Bhai Dooj, also known as Bhai Phota in Bengal, Bhai Tika in Nepal, and other regional names, is a Hindu festival that celebrates the special bond between brothers and sisters. It typically falls on the second day after Diwali, which is the festival of lights.
The word “Bhai” means brother, and “Dooj” means the second day after the new moon. On this day, sisters pray for the well-being and long life of their brothers by applying a tilak or tikka (a colored mark) on their foreheads and performing aarti (a ritual of waving lighted wicks in front of the brother’s face). In return, brothers give gifts to their sisters and vow to protect and support them.
The festival symbolizes the love and affection between siblings and reinforces the importance of family bonds in Hindu culture. It is a day when families come together to celebrate and strengthen the ties between brothers and sisters.
The rituals and customs associated with Bhai Dooj may vary across different regions of India, but the underlying theme of expressing love and gratitude towards siblings remains constant. It is a time for joy, feasting, and exchanging of gifts, marking the continuation of the festive spirit that begins with Diwali.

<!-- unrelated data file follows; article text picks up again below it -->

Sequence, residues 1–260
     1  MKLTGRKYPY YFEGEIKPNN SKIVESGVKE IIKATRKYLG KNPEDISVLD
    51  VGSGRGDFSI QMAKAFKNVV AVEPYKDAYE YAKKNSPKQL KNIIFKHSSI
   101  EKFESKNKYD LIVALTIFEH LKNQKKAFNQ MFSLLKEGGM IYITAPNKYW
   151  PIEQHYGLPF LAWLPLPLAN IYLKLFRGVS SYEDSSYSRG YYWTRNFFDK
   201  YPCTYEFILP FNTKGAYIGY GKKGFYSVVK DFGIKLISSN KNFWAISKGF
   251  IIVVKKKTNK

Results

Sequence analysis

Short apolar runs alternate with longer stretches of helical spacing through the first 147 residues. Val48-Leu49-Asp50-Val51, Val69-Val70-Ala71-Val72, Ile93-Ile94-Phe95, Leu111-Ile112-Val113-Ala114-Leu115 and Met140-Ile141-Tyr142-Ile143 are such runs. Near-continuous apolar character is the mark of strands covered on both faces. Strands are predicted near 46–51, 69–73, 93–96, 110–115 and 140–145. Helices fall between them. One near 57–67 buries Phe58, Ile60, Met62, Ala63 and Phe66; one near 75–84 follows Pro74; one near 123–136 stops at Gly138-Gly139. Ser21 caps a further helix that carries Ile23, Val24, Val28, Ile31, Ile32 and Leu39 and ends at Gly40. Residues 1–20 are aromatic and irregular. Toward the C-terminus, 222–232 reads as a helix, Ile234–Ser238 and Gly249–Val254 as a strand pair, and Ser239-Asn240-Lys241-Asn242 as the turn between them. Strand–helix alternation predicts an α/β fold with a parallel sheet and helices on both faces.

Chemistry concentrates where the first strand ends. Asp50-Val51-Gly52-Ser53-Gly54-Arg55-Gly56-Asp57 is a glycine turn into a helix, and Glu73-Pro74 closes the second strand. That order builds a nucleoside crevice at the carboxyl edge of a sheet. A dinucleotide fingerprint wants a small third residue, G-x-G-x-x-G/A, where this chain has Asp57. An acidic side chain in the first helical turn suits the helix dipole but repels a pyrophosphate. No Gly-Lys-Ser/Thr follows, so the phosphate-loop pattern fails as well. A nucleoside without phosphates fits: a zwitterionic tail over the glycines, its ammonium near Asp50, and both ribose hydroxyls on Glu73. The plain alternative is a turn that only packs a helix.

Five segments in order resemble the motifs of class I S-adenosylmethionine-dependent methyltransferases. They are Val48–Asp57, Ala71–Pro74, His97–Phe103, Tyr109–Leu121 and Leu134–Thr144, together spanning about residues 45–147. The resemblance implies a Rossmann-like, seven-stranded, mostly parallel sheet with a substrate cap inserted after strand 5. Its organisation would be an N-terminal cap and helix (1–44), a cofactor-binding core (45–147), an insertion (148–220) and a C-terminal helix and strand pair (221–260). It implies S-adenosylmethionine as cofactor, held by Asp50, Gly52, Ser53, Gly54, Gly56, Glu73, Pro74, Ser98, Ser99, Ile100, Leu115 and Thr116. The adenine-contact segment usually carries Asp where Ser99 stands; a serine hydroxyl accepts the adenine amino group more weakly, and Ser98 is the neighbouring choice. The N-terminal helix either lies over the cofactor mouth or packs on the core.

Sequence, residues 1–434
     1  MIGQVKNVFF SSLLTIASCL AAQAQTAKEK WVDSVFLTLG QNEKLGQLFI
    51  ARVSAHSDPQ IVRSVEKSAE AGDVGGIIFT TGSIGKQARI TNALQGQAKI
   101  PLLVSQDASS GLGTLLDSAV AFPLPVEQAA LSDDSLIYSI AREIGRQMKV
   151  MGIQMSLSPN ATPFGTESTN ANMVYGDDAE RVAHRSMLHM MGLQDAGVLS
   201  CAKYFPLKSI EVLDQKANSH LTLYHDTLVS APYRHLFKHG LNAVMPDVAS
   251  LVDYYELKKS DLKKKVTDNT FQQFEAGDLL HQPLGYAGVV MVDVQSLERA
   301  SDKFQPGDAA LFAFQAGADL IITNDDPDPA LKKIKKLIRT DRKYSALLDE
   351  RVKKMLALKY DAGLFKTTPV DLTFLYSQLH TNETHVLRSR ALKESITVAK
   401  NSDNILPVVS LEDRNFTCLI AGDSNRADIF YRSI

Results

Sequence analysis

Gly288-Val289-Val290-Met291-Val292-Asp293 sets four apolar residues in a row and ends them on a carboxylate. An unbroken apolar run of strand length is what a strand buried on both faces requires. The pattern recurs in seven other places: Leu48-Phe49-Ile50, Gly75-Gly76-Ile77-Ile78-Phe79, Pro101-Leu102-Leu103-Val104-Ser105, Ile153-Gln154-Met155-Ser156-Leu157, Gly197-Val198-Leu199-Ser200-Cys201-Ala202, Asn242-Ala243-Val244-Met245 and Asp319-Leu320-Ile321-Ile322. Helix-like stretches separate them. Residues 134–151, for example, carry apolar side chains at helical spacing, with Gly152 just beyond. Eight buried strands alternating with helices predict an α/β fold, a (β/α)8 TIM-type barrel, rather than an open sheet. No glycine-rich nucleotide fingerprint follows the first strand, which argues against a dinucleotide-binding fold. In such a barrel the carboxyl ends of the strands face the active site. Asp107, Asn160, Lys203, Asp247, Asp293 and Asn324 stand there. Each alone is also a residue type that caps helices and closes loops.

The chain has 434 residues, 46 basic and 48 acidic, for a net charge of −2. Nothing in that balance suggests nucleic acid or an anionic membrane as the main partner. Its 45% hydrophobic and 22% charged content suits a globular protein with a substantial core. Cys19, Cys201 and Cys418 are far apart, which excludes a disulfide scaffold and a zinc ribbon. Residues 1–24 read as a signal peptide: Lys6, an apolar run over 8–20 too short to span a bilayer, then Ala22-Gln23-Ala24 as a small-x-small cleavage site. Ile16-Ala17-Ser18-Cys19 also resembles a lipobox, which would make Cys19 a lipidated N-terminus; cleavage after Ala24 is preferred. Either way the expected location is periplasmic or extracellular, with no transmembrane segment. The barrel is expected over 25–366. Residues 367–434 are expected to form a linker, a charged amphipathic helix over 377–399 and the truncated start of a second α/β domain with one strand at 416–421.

While the essence of the festival remains the same across India, different regions may have unique customs and traditions associated with Bhai Dooj. Here’s a brief overview of how Bhai Dooj is celebrated in different parts of India:
In North India, sisters perform aarti (a ritual of waving lighted wicks in front of their brother) and apply a tilak (vermilion mark) on their brother’s forehead.
Sisters may also prepare a special meal for their brothers.
In Maharashtra, the festival is known as Bhau Beej. Sisters invite their brothers for a meal and apply kumkum on their foreheads.
In Gujarat, it is celebrated with a similar spirit. Sisters perform aarti and apply tilak to their brothers.
In South India, the festival is known as Bhagini Hasta Bhojanam. Sisters invite their brothers for a meal and perform aarti.
In some regions, sisters draw intricate patterns or rangoli at the entrance to welcome their brothers.
In Bengal, the festival is known as Bhai Phota. Sisters draw elaborate and artistic alpana (rangoli) at the entrance of their homes.
Sisters perform aarti, apply a tilak, and pray for the well-being of their brothers. They also prepare a special dish called “bhog” for their brothers.
The legends associated with Bhai Dooj vary, but one common narrative is the story of Lord Krishna and his sister Subhadra. According to the legend, after killing the demon Narakasura, Lord Krishna visited his sister Subhadra, who welcomed him with aarti and tilak. This is believed to be the origin of the Bhai Dooj festival.